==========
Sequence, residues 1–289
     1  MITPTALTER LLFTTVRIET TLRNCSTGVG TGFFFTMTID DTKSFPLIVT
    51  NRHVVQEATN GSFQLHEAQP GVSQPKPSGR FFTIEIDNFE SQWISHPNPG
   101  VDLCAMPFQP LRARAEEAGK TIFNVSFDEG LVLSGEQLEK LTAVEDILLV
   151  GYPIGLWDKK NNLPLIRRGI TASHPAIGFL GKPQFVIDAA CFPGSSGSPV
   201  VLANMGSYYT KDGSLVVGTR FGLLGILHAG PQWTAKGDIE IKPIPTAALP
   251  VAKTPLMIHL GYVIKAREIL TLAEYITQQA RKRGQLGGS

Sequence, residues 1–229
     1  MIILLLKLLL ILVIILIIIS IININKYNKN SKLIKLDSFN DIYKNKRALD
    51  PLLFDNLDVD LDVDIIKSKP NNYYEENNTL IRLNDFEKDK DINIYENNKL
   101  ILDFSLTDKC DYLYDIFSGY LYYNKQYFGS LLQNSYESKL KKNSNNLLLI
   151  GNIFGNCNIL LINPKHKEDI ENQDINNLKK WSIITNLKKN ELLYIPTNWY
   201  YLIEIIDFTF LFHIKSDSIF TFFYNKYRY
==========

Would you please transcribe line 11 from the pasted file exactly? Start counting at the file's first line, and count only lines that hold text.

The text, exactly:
   101  ILDFSLTDKC DYLYDIFSGY LYYNKQYFGS LLQNSYESKL KKNSNNLLLI